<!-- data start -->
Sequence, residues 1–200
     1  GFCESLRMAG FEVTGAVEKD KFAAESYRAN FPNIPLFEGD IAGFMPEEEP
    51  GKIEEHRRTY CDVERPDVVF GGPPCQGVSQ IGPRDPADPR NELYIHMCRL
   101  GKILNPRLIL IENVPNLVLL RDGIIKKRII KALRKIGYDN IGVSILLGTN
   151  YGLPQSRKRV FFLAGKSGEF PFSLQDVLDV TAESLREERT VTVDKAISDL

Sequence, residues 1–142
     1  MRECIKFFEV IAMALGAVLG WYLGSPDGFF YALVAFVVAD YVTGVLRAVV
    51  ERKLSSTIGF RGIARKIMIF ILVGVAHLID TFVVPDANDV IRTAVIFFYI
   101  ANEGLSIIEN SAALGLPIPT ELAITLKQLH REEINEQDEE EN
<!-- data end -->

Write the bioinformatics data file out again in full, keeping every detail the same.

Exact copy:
Sequence, residues 1–200
     1  GFCESLRMAG FEVTGAVEKD KFAAESYRAN FPNIPLFEGD IAGFMPEEEP
    51  GKIEEHRRTY CDVERPDVVF GGPPCQGVSQ IGPRDPADPR NELYIHMCRL
   101  GKILNPRLIL IENVPNLVLL RDGIIKKRII KALRKIGYDN IGVSILLGTN
   151  YGLPQSRKRV FFLAGKSGEF PFSLQDVLDV TAESLREERT VTVDKAISDL

Sequence, residues 1–142
     1  MRECIKFFEV IAMALGAVLG WYLGSPDGFF YALVAFVVAD YVTGVLRAVV
    51  ERKLSSTIGF RGIARKIMIF ILVGVAHLID TFVVPDANDV IRTAVIFFYI
   101  ANEGLSIIEN SAALGLPIPT ELAITLKQLH REEINEQDEE EN